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Un petit détour
March 2, 2011 5:55 AM   Subscribe

The Japanese word kōgei (also as kougei) [工芸], basically translates as 'crafts', or even 'handicrafts'. In many places in the world, such products are generally considered as something lesser than 'arts'. In Japan however ...     Please meet Mr. Lionel Dersot, Tokyo resident for 25+ years, who is ready to take you on a (bilingual) survey of some wonderful work in the field, both old and new, at his blog 'The Daily Kogei' - Un petit détour bilingue dans l'artisanat japonais et bien plus, diffusé de Tokyo.
posted by woodblock100 (9 comments total) 29 users marked this as a favorite

 
Wow. French native speaker — his French descriptions are much richer than those in English, really great.

For instance:
The wood is of some 300 years hinoki.
versus
Le bois est au moins tricentenaire, ce qui est la condition pour le travailler.
Which means: "The wood is at least 300 years old, the age required to work with it." (Little reminder: I translate for meaning, not literally.)

I love this kind of thing, thanks for sharing!
posted by fraula at 6:06 AM on March 2, 2011 [1 favorite]


[derail]"Arts" also used to have this meaning. This is where "artisan" comes from. However, in the XIX century, the Romantics, a bunch of lazy snobbish pricks if there was ever one, in between duels and suicide attempts decided to "liberate" art from any connotation of, you know, actual honest-to-God work, dedication and getting your hands dirty.

Strangely enough, the only corner of language obscure (and practical) enough to escape the Romantics' depuration was the legal language, and in particular "patent-speak": this is where you can still find mention of "useful arts" (as opposed to the "liberal arts"), "prior art", "skilled in the art" and, of course, an expression that has spread again from patentese to a broader use: "state of the art".[/derail]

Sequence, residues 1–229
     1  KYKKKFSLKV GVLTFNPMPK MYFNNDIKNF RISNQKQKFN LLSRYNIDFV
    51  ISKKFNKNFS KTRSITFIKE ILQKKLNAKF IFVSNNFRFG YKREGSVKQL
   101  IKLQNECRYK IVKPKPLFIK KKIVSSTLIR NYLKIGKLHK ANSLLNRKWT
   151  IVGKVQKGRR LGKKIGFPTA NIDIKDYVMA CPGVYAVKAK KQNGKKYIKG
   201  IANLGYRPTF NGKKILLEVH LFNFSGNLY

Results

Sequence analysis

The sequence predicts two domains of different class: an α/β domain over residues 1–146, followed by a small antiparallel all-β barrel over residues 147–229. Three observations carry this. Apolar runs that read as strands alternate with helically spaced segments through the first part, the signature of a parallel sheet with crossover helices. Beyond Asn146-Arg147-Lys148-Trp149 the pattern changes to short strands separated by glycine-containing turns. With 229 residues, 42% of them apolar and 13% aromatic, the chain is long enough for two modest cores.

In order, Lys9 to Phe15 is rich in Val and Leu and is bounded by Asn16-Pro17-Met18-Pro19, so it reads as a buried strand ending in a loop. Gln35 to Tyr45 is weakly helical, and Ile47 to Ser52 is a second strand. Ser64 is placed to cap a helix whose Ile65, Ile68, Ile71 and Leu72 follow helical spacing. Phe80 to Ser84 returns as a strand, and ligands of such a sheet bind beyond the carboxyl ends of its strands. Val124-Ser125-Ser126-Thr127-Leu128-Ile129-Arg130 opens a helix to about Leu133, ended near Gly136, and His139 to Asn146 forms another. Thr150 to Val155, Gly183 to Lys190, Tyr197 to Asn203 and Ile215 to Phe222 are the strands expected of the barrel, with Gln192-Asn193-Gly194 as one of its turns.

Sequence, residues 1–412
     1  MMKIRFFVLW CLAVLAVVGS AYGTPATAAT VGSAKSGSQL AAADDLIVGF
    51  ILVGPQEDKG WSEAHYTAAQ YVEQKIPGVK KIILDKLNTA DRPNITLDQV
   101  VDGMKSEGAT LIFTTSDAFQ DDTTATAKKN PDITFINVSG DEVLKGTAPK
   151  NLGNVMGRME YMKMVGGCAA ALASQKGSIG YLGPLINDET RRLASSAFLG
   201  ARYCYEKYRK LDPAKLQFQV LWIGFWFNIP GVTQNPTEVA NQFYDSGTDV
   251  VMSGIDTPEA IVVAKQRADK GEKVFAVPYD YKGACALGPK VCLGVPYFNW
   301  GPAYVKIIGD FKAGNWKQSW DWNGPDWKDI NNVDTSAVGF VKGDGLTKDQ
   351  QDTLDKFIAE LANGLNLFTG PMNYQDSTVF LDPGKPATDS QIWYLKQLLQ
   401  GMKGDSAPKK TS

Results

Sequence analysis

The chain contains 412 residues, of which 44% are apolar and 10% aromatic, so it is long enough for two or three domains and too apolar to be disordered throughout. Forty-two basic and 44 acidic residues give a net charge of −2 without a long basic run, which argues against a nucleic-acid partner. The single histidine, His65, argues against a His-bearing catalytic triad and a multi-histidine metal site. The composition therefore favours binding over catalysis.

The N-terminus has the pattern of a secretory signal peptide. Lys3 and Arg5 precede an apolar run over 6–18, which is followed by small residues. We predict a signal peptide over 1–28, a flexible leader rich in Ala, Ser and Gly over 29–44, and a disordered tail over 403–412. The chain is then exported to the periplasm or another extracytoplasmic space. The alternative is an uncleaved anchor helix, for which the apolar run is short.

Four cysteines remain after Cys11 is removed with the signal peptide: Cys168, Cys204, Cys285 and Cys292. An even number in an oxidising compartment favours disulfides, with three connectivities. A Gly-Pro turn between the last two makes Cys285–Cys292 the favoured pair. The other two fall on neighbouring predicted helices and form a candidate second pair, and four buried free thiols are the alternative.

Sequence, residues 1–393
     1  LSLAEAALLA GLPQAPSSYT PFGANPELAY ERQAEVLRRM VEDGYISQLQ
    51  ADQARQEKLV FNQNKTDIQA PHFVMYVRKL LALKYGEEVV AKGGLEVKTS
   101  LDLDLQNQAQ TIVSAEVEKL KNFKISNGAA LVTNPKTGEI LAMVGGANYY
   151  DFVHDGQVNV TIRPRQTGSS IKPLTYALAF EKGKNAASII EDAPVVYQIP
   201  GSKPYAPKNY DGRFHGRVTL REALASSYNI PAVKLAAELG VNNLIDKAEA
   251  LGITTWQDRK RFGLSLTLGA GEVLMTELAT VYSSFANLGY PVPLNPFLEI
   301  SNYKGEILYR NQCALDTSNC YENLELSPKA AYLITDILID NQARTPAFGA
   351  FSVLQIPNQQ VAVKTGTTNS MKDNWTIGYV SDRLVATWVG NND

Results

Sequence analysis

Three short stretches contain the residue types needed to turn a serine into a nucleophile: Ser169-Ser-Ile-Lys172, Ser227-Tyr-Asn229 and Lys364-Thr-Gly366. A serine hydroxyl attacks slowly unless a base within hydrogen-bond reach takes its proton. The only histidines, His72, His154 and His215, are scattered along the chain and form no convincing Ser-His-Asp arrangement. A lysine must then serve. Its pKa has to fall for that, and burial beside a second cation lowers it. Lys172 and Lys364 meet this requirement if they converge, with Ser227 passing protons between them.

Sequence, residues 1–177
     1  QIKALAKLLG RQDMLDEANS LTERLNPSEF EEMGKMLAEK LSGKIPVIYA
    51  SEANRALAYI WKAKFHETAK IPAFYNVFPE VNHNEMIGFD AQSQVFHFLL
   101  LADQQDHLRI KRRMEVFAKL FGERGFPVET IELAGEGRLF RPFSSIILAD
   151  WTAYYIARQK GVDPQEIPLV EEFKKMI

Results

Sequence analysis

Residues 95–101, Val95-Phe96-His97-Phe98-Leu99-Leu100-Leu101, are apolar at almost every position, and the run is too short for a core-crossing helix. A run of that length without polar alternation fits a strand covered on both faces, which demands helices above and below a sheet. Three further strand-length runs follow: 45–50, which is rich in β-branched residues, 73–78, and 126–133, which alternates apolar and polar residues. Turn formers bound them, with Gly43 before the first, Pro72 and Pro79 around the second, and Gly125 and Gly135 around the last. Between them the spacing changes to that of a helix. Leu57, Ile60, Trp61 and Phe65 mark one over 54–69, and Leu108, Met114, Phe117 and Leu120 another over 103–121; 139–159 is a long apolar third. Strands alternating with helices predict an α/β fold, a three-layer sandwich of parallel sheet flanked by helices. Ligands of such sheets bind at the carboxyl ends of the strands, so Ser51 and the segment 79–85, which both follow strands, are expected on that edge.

And yes, Japanese workmanship is amazing.
posted by Skeptic at 6:24 AM on March 2, 2011


This is an amazing blog - thank you for posting it. Fraula, I wish you would undertake to translate more of it, as it's easily apparent your version more accurately conveys the heart of it.
posted by PepperMax at 7:07 AM on March 2, 2011


Nice blog - thanks for posting. And when he says "daily kogei" he really means it - lots of multiple posts per day, all very interesting.
posted by Umami Dearest at 8:16 AM on March 2, 2011


Some of his translations are a little clunky - fraula is right, the french is quite a bit richer and more nuanced than the english translations - but there are some inadvertent gems in there: "Craft at a higher stage must be stunning, it must struck you with awes."

I love the the idea of multiple awes. I was struck with awe, and then I was struck again with a second awe.

And then the third one hit me, and whoa!
posted by mhoye at 8:17 AM on March 2, 2011


Wow, this is great, thanks for posting woodblock.

Unfortunately, the latest post (March 2) says that "Kanazawa can wait", which is not a sentiment I can agree with at all. Best place in Japan, better than Kyoto or anywhere else.
posted by KokuRyu at 9:17 AM on March 2, 2011 [1 favorite]


Great, great stuff. Wonderful to see someone focus on the vast quantity of god-like handicrafts that Japan still possesses.

My friend makes high-end handmade paper that gets dyed with Japanese persimmon juice - it's very old concentrated stuff, but it does amazing things to paper when applied. I'm fascinated to think that enough of it could give it waterproof properties. Must look into that.
posted by EricGjerde at 11:18 AM on March 2, 2011


Thank-you for posting. I a) love beautiful craftsmanship, of any kind b) Love Japanese stuff c) Am travelling to Japan later this year and d) had a conversation the other day with a friend about a culture of holding craftsmanship in high esteem leading to good design, using Japan as a main example. This somehow ticks all the boxes for that.
posted by Megami at 1:30 AM on March 3, 2011


I have a pair of hand-hammered Made in Japan Honjo fenders on one of my bikes. It's crazy to think that some meticulous craftsman made each dent one at a time, just because it looks a lot nicer than a regular old fender.
posted by fixedgear at 6:04 AM on March 4, 2011


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